However, we also recognize that a small proportion of our customers operate in carbon-intensive industries, and a small number of journals (less than 1%) cover fossil fuel industries. As we go on our own journey as a company and support the global research community towards the transition to renewable, clean energy, we know we have more work to do. This was one of the reasons we launched our climate action program last year. An integral part of this was the formation of an independent external Climate Advisory Board, which convenes distinguished experts to guide and prioritize our actions and enable us to accelerate our progress.
In less than a year, we have implemented key changes to our approach. Our Elsevier Energy Books team implemented the Energy with Purpose(opens in new tab/window) mission, which means we will only commission new content that supports and advances the energy transition and the reduction of CO2 emissions to meet the world’s energy needs. This stance is something we see reflected in the content portfolio: 75% of our energy books are now focused on renewable, nuclear and energy grids.
Scientific discoveries on cleaner and more efficient technologies across all parts of the energy mix are needed to help us meet our future energy needs. Helping researchers understand and meet those future energy needs remains the focus for our energy journals — especially in relation to advances in batteries and renewable energy sources, as well as in technologies aimed at reducing environmental pollution.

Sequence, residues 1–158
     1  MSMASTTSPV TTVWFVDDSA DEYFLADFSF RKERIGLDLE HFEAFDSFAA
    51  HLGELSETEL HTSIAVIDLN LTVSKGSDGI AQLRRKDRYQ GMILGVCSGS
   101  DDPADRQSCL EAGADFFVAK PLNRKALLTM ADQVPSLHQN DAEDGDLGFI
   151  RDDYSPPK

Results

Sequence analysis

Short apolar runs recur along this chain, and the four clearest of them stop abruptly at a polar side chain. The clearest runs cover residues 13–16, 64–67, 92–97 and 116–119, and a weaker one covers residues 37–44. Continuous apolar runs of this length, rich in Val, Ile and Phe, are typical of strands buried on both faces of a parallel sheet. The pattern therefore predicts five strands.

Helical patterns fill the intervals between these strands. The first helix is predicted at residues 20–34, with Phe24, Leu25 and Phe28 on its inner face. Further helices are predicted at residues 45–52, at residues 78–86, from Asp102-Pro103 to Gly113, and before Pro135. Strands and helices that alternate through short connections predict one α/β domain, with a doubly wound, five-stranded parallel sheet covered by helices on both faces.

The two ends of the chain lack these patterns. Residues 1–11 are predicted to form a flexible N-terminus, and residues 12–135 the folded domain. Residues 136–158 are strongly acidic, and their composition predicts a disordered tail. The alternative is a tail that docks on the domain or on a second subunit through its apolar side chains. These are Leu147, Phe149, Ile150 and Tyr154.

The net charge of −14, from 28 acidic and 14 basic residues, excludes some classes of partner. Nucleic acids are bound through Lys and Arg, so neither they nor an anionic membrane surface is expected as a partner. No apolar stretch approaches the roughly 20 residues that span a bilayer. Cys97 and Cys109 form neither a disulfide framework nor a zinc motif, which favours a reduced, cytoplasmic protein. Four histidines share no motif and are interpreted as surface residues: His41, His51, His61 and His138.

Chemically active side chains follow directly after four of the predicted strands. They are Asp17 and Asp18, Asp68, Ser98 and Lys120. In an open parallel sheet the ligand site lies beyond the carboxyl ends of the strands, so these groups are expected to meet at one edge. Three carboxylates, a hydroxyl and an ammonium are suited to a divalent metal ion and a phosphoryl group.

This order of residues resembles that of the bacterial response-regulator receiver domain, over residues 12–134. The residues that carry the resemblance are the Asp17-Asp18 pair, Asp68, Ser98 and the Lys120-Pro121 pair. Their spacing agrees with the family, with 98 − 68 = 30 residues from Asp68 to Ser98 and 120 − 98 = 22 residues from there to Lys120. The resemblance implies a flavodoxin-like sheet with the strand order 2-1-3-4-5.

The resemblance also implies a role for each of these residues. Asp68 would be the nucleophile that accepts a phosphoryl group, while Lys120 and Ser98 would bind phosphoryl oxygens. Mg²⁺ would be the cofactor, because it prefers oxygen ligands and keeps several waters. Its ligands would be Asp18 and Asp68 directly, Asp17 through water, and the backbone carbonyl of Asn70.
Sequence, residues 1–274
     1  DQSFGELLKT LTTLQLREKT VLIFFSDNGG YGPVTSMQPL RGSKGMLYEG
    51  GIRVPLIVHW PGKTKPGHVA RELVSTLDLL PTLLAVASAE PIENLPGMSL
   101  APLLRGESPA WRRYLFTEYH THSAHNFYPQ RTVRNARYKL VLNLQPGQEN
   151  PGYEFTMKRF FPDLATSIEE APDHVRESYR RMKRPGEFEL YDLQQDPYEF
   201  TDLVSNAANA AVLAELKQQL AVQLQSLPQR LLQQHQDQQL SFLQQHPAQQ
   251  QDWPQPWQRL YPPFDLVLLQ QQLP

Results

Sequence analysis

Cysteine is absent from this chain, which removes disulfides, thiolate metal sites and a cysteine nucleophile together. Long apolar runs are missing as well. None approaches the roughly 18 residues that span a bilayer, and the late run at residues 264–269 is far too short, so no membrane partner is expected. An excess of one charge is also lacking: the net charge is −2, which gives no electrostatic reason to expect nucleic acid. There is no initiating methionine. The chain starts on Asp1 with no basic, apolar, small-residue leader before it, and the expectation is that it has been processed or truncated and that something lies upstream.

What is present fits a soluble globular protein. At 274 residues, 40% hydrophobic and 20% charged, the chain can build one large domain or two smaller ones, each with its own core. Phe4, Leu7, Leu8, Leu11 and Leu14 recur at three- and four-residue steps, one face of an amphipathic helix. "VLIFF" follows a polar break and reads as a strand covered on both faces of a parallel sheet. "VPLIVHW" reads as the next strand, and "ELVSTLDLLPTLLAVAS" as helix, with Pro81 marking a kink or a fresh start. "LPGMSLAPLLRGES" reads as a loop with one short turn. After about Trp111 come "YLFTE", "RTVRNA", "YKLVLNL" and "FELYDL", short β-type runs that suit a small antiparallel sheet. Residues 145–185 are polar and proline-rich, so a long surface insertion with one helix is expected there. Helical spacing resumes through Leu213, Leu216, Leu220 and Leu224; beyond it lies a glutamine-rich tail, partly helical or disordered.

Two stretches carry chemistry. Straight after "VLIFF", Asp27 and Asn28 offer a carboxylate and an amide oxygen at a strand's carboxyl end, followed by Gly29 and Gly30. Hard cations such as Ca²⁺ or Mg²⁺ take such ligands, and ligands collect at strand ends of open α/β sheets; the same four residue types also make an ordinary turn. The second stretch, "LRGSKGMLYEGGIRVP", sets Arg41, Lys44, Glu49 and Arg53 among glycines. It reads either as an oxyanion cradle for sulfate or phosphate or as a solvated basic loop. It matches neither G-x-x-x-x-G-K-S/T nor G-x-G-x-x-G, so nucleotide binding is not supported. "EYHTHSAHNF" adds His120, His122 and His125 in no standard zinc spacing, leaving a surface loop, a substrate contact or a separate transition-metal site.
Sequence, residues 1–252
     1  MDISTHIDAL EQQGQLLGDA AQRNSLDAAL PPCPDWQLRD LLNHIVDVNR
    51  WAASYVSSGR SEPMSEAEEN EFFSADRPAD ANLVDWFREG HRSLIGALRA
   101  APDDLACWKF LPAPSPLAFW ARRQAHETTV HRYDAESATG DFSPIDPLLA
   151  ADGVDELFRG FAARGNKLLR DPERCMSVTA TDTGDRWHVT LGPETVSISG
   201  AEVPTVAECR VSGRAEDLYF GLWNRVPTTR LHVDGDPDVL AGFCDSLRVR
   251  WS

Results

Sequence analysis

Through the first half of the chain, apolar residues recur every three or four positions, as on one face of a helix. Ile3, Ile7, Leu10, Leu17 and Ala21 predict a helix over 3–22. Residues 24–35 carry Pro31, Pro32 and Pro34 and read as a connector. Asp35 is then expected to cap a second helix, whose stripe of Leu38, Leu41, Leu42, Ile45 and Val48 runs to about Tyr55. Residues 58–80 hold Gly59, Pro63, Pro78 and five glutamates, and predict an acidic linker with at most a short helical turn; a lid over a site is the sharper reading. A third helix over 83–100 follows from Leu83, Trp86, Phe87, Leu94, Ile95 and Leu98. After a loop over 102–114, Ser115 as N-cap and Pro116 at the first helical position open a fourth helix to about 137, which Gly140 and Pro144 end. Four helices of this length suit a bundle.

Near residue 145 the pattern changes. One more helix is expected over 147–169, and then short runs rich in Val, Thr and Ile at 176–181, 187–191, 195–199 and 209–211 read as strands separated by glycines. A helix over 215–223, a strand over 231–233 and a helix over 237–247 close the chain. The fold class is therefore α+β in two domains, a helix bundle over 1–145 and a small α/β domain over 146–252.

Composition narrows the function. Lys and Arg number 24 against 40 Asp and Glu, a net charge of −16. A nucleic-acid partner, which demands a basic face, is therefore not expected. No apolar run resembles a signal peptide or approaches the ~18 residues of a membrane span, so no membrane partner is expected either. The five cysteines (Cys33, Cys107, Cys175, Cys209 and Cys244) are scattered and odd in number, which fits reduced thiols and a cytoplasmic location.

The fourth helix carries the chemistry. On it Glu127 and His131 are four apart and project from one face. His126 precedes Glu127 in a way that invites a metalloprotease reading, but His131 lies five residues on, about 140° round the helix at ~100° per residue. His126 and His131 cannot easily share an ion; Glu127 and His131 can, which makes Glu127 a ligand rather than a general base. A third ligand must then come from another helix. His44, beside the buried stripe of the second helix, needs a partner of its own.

We will be working with our editors and society partners to review the aims and scopes of relevant Elsevier journals that have historically focused on fossil fuel energy to better align their mission so they can attract the best scientific research that supports the energy transition.
Our geospatial product, Geofacets, is now increasingly used for renewable energy, such as locating wind farms, and we are in the process of aligning our product development to focus entirely on adding renewable energy related content.
We also recognize that sustainability needs to be embedded throughout our organization and in every aspect of our work. Sustainability is a key part of our strategic priorities. Internally,we are supported by our employee network group SUSTAIN. This group’s mission is to enable a culture of sustainability and mobilize everyone at Elsevier to feel empowered to take action on climate.
We take the climate crisis very seriously and are encouraged by the constructive dialogue and partnerships with stakeholders around the pressing issue of climate action. We look forward to releasing our net zero action plan and reporting on our progress in the coming months, and we welcome feedback.